Directed by George Tillman Jr | Written by Audrey Wells, from the novel by Angie Thomas | 133 min | Cineplex Store/Crave
The story of a black man killed by a white police officer in America has been sadly relevant for a long time, but right now this 2018 drama, adapted from a young adults novel, has special poignancy. Though it’s occasionally averse to nuance, it packs so many important social issues into its story with grace and power, the picture fairly pulses with relevance.
Starr Carter (Amandla Stenberg, a revelation) goes to a high school with her half-brother, Seven (Lamar Johnson), in the upper-crust white area of her city though she and her family live in the poor, black neighbourhood. Starr’s parents, Maverick and Lisa (Russell Hornsby and Regina Hall), sent them there because of the violence in their area, and Maverick’s past connections with local drug dealers, led by King (Anthony Mackie). But that means Starr has adapted to act one way when she’s with her family, and another when she’s at school.
That in itself would make for an interesting film, full of complications. But that’s only the beginning of what The Hate U Give has in store.
When Starr’s old friend, Khalil (Algee Smith) is shot, she’s the only witness. But talking about what happened upsets her Dad’s old buddies, complicates her relationship with her family, her cop uncle, Carlos (Common), her white friends, and her white boyfriend, Chris (KJ Apa). And then she’s asked to testify for the Grand Jury by a local activist lawyer (Issa Rae), which forces her to make a decision: Will she risk her family’s security, or take a stand.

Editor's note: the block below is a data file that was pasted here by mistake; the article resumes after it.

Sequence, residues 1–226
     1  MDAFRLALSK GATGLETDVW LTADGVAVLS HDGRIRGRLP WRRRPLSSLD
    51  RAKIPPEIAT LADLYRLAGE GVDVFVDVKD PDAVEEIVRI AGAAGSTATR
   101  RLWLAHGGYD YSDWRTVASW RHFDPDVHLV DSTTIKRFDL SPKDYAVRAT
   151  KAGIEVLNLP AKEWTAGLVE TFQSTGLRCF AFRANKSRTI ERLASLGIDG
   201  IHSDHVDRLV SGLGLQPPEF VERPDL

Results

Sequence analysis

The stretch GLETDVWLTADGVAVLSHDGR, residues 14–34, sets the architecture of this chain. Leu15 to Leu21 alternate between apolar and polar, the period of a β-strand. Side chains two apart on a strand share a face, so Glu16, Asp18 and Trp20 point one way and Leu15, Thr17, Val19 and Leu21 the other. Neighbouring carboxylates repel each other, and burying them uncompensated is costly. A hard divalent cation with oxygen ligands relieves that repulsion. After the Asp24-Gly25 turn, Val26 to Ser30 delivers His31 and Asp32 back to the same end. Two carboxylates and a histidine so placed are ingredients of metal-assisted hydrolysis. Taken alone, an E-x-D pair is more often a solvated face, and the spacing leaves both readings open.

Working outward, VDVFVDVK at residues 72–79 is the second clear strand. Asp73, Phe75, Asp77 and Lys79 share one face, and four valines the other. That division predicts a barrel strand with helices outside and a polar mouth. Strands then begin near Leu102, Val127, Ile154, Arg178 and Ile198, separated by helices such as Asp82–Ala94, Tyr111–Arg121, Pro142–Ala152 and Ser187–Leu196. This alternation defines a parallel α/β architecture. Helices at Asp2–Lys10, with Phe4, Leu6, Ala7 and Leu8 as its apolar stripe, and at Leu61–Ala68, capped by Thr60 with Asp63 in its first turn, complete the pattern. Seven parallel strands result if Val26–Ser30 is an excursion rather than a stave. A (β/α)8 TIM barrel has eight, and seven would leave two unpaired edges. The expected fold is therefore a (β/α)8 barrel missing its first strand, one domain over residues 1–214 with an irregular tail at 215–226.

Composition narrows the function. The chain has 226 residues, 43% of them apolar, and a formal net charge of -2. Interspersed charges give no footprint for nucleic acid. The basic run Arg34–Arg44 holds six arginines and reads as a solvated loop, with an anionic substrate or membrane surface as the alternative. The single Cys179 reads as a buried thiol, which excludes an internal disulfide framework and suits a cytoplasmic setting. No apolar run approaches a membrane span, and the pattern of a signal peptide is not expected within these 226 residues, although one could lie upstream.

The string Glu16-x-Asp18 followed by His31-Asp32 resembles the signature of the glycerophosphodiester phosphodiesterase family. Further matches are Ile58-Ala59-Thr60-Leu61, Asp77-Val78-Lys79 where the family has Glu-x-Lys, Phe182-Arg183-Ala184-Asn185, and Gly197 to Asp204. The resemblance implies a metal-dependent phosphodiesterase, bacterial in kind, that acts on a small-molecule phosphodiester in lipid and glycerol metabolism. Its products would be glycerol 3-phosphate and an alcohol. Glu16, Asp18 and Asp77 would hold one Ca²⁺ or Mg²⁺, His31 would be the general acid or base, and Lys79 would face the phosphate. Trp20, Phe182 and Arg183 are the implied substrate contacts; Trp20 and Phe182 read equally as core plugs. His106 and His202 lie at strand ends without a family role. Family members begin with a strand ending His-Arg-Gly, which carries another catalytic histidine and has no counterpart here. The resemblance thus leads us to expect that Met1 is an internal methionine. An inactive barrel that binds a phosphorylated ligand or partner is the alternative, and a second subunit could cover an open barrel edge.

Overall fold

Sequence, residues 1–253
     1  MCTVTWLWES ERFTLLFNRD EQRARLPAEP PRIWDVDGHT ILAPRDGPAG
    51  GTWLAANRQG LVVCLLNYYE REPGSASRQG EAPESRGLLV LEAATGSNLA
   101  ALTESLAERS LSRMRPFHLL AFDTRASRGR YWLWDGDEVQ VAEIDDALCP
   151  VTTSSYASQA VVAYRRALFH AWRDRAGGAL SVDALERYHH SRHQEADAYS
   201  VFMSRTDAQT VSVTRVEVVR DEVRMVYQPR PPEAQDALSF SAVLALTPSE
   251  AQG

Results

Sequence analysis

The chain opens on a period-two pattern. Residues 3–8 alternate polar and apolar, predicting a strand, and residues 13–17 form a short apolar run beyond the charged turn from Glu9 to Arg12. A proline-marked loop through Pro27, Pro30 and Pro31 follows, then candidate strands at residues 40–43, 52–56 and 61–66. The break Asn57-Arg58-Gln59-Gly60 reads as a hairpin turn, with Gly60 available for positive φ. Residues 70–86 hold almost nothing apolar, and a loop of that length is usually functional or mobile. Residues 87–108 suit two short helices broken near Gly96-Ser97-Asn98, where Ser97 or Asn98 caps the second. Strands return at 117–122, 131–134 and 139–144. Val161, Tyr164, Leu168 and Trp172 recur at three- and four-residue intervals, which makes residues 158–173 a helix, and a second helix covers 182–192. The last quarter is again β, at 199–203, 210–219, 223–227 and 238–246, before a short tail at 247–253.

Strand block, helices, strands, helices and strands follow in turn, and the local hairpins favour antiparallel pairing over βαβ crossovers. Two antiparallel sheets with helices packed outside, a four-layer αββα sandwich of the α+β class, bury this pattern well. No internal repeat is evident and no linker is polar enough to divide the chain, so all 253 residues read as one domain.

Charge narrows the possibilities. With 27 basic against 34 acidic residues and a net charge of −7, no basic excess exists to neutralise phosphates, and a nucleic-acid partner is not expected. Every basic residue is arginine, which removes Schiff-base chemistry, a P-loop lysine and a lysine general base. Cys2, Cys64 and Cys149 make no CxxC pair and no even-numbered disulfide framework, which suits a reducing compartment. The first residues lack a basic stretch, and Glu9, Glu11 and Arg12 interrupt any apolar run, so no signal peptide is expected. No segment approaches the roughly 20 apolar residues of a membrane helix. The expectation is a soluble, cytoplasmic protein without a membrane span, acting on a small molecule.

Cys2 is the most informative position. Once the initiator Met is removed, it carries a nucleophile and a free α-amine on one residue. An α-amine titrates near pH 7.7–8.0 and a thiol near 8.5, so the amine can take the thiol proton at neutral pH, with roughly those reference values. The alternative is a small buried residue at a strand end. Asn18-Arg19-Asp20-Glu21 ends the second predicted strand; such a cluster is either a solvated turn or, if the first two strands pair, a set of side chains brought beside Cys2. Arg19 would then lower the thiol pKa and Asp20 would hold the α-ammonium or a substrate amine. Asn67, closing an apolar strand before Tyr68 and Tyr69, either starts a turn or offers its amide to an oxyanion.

That isn’t even all of it: The Hate U Give finds time to include characters managing casual racism in their social circles, discussions of white privilege, parental guilt, absorbing the lessons of the Black Panther movement, and discussing if Tupac is still important in people’s lives.
If there’s a problem here it’s that the film betrays its YA roots with beats and dialogue that are a little too obvious, and relies on a tell-don’t-show model too often, leaning on Starr’s voice-over to help delineate themes that should be clear otherwise. The glossiness in the filmmaking also means we have to accept some egregious lens flare and product placement.
But the clarity and heart wins. This movie’s structural cliches are completely forgivable when you consider how well it juggles its many story elements, how moving the performances are, or even how it might impact a younger audience who are trying to make sense of what we’ve all been seeing on practically every news report the past few weeks. The Hate U Give has twice the ambition of your average teen drama — it more than deserves a look.